Isn’t it the most romantic feeling in the world when you finally get to rest your head on your partner’s chest and forget all about the day’s chaos?
However, if you happen to share the same fate as mine and are married to a smoker, things in your romantic paradise might be rather different. And the resting-on-the-chest time might come with its fair share of disturbances—thanks to some very troubling noises ruining the mood. Nope, not his heartbeat, d-uh! I am talking about the sound of his heavy breathing, which is quite comparable to the roars of an old truck.
And also a reason to worry
In my case, those heavy, noisy breaths caused panic. His occasional coughs weren’t helping either. Afterall, they were a clear indication of the terrible state his lungs were in.
My fears became even worse when I came across a piece of information released by Centers for Disease Control and Prevention, the United States, which clearly mentioned that cigarette smoking can cause lung diseases like chronic bronchitis and chronic obstructive pulmonary disease (COPD) apart from making the smoker’s cardiovascular health worse by the day and increasing death risk.
In this case, the smoker was my beloved husband, who simply found it difficult to quit smoking–despite the countless requests, sugar-coated taunts, and neem-coated arguments.
We were both aware of the magnitude of smoking’s destruction
Unfortunately, the calming nicotine kick from cigarettes comes in a package which includes smoke inhalation and thickens the mucus produced in the lungs that can also trap the toxins from the cigarettes. But since addiction is also a painful part of the package, I figured that a practical, achievable damage-control solution had to be found while he tries to quit, obviously.
Enter steam inhalation, the saving grace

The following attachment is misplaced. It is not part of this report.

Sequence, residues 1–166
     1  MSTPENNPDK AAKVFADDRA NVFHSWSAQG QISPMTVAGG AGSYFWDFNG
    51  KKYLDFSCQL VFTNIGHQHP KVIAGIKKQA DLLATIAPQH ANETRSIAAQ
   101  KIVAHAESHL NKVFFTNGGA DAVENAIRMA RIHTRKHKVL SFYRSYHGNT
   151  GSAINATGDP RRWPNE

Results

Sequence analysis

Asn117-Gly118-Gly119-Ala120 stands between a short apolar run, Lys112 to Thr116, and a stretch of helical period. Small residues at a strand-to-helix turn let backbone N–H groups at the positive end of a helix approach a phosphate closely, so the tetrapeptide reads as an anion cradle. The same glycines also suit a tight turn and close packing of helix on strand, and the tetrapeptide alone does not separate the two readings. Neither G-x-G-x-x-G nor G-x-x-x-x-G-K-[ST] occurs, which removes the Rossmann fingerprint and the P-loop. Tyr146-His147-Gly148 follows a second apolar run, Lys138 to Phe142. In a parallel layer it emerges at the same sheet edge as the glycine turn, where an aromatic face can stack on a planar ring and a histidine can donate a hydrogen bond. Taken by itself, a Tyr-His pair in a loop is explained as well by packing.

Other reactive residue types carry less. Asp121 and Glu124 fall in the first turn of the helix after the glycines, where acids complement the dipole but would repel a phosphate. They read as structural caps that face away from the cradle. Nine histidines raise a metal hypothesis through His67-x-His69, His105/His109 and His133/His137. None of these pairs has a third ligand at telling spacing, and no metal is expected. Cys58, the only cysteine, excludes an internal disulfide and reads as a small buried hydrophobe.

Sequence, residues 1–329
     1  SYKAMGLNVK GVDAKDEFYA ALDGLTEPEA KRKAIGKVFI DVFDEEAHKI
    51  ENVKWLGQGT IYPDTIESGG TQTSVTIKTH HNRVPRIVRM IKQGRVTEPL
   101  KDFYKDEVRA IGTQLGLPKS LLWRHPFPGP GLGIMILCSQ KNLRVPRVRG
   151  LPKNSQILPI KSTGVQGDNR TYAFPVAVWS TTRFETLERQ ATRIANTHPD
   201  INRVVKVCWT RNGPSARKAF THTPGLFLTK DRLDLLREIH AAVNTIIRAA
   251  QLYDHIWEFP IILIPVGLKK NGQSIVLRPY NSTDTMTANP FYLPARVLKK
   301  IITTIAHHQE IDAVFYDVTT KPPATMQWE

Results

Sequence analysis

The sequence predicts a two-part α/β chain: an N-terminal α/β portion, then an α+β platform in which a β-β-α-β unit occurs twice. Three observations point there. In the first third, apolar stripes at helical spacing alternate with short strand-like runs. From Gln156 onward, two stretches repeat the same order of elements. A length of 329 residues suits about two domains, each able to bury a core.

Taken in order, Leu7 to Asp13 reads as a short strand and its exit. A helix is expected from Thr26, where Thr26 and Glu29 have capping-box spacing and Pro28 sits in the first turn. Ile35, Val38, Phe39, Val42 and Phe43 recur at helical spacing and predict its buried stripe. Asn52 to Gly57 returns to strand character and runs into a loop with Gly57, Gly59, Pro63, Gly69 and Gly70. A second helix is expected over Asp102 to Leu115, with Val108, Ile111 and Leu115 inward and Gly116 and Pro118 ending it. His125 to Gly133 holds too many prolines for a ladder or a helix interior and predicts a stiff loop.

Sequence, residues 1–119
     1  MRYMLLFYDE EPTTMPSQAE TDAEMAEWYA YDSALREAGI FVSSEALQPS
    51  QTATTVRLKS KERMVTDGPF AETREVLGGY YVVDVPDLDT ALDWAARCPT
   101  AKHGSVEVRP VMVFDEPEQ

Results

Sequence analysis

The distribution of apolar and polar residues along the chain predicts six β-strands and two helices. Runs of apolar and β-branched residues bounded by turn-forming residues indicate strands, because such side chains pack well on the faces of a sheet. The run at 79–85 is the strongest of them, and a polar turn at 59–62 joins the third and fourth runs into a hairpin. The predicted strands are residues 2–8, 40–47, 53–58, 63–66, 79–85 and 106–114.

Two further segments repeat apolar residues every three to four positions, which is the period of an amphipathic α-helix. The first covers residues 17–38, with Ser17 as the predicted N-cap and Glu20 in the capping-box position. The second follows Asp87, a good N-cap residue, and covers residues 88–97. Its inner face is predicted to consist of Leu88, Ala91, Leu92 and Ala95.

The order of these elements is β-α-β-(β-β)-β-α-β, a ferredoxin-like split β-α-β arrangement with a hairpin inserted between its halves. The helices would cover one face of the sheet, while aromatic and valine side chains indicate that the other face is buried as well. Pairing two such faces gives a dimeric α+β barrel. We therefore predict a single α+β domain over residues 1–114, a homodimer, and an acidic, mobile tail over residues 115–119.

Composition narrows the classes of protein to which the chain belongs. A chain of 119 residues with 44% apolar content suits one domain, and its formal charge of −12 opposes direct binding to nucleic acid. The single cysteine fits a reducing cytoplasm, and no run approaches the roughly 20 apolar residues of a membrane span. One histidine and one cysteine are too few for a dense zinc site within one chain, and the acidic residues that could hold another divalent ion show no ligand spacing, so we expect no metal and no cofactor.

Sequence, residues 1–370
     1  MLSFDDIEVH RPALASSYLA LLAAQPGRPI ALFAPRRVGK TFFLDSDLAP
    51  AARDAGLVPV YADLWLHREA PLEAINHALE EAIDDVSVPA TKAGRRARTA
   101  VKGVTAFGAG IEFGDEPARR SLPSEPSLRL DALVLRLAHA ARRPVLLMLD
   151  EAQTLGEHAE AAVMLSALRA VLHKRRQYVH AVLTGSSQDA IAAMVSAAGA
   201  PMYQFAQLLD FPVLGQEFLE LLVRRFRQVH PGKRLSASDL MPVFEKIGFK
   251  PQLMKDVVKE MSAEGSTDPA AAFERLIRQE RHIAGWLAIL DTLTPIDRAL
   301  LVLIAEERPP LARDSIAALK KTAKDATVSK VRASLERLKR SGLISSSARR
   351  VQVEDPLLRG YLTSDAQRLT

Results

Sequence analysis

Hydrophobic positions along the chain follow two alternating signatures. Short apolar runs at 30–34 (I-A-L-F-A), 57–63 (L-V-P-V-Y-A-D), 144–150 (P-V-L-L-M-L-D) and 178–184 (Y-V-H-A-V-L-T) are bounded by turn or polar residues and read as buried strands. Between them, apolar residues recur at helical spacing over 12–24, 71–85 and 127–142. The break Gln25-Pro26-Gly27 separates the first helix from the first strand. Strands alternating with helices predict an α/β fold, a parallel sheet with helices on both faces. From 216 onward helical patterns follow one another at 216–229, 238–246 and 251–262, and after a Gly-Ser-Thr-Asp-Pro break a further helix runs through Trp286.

That pain-in-the-rear mucus won’t be as much of a pain if only one’s lungs are healthy and able enough to detox themselves naturally. But with the lung-damaging effects of the smoke, expecting your lungs to carry that out is almost unreal. Hence, the cough, congestion, and well, a verbally-mute-but-noisy husband!
So after coming across a Facebook video about steam inhalation for detoxifying the lungs, I decided to give it a try.
Fortunately, I had an electric steamer at home for DIY facial cleaning, so I didn’t have to make my impatient better half lean over a bowl of boiling water to inhale the vapours. A towel over his head, my steamer in the front, and basically just about 15-20 minutes of his time is all that was used.
The result? He could breathe better and he wheezed less–which was a relief to say the least.
Reality Check: Quitting is the solution, steam inhalation is just a remedy
“Nothing can help significantly unless one quits. Cleansing of lungs happens more by the natural soot clearing mechanisms than steam inhalation. But steam does help to activate the immune system, helping in smokers cough,” said Dr Vichar Nigam, consultant Internal Medicine, Columbia Asia in Pune
Even a 2018 study published in the Journal of Pulmonary & Respiratory Medicine showed that the steam therapy was an effective but temporary solution to the problem.
So, I wouldn’t say that its results were significant or instant. But it would be unfair to not give steam inhalation its due credit for reducing my husband’s wheezing and the noises that came as a result of the heavy breathing.